Singapore-based gaming and e-commerce company Sea Ltd. on Wednesday said it planned to issue $400 million worth of convertible senior notes due 2023.
The interest rate, initial conversion rate, offering price and other terms of the notes have not been finalized and will be determined at the time of pricing of the offering, the New York-listed company said. The funds raised will be used for business expansion and other general corporate purposes, it added.
Initial purchasers will have the option to purchase up to $60 million additional notes within a 13-day period of the initial issuance date.
“Tencent Holdings Limited, one of our principal shareholders, is expected to purchase up to $50 million principal amount of the notes in this offering on the same terms as the other notes being offered,” said Sea in a statement.
Sea, which initially modelled itself after Tencent, has struggled since its IPO in October 2017. Confronted with widening losses, it ended the January-March quarter this year with a net loss of $215.6 million, compared with $73.1 million a year earlier. The tripling of losses was largely on account of rising investments at its mobile-shopping unit Shopee.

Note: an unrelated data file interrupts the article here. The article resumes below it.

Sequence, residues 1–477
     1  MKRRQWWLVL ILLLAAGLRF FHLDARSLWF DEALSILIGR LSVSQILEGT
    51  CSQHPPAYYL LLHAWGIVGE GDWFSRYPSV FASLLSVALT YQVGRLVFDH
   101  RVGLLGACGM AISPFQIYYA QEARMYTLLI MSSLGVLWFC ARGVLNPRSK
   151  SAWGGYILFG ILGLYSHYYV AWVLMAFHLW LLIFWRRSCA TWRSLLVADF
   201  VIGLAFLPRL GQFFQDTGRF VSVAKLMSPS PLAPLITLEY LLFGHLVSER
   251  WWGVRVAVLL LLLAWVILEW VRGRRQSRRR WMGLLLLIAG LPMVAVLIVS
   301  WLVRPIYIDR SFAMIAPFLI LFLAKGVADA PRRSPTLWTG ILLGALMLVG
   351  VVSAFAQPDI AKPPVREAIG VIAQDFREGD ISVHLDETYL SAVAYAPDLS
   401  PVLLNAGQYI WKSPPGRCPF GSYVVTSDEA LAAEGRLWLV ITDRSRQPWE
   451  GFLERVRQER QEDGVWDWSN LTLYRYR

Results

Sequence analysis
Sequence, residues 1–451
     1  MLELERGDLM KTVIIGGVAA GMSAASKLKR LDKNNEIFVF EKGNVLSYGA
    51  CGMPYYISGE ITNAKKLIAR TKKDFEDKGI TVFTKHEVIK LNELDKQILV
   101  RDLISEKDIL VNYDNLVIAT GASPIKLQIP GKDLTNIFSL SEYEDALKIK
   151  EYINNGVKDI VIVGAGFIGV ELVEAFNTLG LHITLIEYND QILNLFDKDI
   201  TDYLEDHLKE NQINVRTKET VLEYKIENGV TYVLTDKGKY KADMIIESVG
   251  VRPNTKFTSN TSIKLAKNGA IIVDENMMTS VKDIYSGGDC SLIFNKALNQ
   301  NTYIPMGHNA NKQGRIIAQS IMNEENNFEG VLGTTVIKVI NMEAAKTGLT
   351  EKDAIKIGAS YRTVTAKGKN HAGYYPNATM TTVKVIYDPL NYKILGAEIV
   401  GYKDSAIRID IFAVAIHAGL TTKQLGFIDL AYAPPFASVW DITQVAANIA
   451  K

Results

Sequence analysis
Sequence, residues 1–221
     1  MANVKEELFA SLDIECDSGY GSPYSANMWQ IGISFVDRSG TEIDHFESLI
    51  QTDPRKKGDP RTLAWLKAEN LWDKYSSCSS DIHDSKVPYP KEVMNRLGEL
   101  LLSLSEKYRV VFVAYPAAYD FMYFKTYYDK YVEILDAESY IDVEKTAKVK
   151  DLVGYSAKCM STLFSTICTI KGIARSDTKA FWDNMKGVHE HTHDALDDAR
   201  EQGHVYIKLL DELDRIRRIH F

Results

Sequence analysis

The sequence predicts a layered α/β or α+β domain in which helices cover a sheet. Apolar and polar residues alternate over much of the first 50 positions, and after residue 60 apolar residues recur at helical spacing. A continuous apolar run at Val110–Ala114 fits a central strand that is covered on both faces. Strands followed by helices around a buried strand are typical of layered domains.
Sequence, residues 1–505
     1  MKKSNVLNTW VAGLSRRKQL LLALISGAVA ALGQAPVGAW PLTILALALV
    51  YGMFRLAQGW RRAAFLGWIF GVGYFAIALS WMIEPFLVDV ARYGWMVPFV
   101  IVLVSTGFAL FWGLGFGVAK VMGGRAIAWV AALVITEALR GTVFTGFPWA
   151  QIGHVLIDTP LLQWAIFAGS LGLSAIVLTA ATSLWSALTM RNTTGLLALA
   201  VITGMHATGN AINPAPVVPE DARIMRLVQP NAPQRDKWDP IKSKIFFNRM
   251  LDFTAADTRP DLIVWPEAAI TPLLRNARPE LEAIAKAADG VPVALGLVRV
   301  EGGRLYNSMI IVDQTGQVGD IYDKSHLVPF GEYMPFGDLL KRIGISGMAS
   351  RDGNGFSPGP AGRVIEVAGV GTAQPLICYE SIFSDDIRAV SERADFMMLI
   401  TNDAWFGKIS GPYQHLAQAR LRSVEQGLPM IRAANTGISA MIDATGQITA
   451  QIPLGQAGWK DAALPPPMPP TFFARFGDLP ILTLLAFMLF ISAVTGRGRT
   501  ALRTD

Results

The company had then said that it may raise funds to strengthen its balance sheet. “When you look at the longer term, there are many options for us to strengthen our balance sheet and unlock greater value for our shareholders,” Chief Strategy Officer Alan Hellawell had said during a conference call. “These could include raising money at the Shopee level. We remain totally open-minded about fundraising,” he had added.
Founded by chairman and group CEO Forrest Li in 2009, Sea began as an online gaming company named Garena, which was later rebranded to reflect is ambition and diversification. It branched out to digital service Airpay in 2014 and e-commerce Shopee in 2015.
However, its gaming business – Garena – still accounts for more than 70 per cent of Sea’s first quarter total revenue for 2018.
Sea’s stock closed Tuesday in New York at $16.40, up 3.34 per cent.